Five ways to prepare yourself for the Bribery Act

THE Bribery Act comes into force in April. And it has been causing a stir: while it is replacing the outdated law we currently have, it has been criticised by small and medium-sized businesses (SME) for creating extra layers of bureaucracy and leaving directors potentially liable for the actions of suppliers and service providers – both in the UK and abroad. A few clarifications on the finer detail of this law are due soon, but a rough guide on the legislation has already been published (you can find information on the Ministry of Justice website). It is important to make provision for this new law because, as Ernst & Young’s fraud expert, John Smart says: “With these sorts of things there tends to be one company that gets made an example of, then other companies take the lead from that.” With the deterrent of 10 years in jail and an unlimited fine, nobody wants their business to be that example. Here are five ways to take precautions.

“It’s important to show you’ve taken some action,” Smart says, “businesses should appoint an ethics officer and someone, either internally or externally, to do a risk assessment.”

It is important to record these actions, logging concerns and keeping records. Some law firms have suggested that businesses need to go as far as keeping a file on the gifts they have rejected. “It’s basically about being able to prove your transparency,” Smart explains.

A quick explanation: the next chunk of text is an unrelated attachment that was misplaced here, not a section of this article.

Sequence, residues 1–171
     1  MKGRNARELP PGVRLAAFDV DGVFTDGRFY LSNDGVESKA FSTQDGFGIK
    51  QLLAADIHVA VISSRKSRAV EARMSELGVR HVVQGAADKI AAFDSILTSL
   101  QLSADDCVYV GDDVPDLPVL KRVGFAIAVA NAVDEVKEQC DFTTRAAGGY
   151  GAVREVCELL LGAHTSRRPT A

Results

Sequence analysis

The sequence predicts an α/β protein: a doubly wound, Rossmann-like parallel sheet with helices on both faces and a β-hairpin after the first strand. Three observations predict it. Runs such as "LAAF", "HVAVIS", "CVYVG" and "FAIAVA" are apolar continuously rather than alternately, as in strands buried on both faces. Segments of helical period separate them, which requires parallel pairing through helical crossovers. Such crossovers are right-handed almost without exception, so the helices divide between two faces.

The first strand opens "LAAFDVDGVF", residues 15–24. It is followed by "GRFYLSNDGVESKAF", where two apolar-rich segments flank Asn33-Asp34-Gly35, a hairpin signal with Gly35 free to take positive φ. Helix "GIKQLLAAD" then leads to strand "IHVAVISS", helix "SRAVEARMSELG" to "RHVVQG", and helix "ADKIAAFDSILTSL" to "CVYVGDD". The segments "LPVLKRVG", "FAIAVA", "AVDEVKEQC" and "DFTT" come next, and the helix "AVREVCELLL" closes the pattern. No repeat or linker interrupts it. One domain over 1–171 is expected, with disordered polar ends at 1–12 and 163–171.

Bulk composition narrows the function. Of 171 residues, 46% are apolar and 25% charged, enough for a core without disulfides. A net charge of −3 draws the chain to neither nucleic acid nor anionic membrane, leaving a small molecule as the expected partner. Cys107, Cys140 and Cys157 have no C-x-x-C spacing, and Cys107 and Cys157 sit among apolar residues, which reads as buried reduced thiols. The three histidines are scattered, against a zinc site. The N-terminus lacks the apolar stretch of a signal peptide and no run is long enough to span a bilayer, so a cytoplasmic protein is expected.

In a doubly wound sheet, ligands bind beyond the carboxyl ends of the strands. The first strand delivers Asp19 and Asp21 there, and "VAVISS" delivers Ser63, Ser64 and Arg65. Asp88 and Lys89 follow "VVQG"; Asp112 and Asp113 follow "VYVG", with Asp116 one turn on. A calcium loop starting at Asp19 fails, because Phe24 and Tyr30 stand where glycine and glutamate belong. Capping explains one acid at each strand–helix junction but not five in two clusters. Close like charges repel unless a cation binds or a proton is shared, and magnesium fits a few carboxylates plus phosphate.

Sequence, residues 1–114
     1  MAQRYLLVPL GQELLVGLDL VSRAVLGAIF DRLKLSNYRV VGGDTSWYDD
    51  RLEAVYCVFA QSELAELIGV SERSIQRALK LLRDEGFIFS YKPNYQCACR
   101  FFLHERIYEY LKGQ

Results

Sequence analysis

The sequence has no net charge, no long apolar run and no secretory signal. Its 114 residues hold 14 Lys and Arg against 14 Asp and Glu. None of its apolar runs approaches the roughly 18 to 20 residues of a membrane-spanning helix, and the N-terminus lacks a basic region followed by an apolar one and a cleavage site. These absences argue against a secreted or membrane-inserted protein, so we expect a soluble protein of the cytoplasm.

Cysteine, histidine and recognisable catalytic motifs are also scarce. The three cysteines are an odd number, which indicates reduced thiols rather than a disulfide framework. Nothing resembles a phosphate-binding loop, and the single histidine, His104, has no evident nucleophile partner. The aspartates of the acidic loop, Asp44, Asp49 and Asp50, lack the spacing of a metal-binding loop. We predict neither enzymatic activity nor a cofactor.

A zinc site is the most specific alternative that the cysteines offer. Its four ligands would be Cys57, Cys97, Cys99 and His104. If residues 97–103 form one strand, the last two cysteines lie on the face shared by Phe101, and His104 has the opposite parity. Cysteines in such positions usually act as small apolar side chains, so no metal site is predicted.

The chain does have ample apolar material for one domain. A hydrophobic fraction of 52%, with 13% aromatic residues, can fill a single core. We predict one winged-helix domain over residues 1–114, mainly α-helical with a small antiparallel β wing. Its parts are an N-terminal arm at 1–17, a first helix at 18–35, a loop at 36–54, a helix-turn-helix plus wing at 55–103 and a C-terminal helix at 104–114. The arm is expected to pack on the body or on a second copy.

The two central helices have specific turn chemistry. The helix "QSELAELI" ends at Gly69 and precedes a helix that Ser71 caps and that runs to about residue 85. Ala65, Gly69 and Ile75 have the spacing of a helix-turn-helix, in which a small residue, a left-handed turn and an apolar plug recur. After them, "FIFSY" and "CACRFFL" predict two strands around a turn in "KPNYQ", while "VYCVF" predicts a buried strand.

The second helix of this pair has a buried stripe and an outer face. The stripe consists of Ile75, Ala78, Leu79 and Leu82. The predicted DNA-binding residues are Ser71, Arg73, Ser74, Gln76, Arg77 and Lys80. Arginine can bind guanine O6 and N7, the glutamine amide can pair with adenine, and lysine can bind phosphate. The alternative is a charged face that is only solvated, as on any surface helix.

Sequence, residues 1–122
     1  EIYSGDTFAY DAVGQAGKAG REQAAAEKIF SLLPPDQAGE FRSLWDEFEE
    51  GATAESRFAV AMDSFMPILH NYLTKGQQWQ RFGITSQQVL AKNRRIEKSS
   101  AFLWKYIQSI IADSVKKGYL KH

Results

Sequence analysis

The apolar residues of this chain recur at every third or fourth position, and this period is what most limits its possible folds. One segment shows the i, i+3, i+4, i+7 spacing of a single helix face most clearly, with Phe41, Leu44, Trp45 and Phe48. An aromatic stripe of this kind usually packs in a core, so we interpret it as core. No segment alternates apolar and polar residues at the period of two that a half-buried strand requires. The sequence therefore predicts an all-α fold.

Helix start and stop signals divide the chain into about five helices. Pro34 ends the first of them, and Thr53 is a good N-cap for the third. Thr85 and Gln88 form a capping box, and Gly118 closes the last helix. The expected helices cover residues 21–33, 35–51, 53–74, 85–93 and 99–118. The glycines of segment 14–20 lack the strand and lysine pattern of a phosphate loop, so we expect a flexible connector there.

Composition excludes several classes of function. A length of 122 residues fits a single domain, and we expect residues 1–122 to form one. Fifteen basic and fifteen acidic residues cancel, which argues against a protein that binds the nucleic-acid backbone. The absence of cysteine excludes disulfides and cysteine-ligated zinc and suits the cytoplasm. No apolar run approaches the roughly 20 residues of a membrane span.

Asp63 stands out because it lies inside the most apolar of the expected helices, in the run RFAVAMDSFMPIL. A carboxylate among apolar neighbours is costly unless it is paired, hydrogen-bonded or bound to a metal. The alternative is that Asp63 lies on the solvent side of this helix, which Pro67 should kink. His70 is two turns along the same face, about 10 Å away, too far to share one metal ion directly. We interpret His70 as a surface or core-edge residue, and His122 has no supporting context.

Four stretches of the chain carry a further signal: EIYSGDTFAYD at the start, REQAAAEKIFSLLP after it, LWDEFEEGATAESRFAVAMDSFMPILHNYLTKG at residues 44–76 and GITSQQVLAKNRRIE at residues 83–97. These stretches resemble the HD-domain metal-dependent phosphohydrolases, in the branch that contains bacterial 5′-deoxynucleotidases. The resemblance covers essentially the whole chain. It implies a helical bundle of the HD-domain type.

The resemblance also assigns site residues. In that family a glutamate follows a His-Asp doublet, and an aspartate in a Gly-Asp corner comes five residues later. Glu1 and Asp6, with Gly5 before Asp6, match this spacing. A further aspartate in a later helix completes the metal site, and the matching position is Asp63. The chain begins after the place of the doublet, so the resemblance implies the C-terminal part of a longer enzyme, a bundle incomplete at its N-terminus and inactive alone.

Working out what you can give or offer clients is tricky since you are required to judge whether or not a gift or corporate entertainment counts as “appropriate”. This could mean its acceptable to take a top banker to the Ivy for lunch but not a junior compliance officer.

It is important to know exactly what is going on in your company, especially if you operate in countries where corruption is rife. It could be a shrewd move to employ a risk assessment company to investigate your oversea operations.

Smart advises you should demonstrate that the message of zero tolerance comes from the top of the organisation. “Have a board meeting,” he advises, “and get someone to take minutes. Then put an anti-bribery measure into your code of conduct.

If you’re really concerned about the actions of your employees, it might be wise to give your staff some training. Smart says: “Make sure your employees understand the act by giving them some training. Then keep hold of the training materials to provide evidence that you’ve taken precautions.”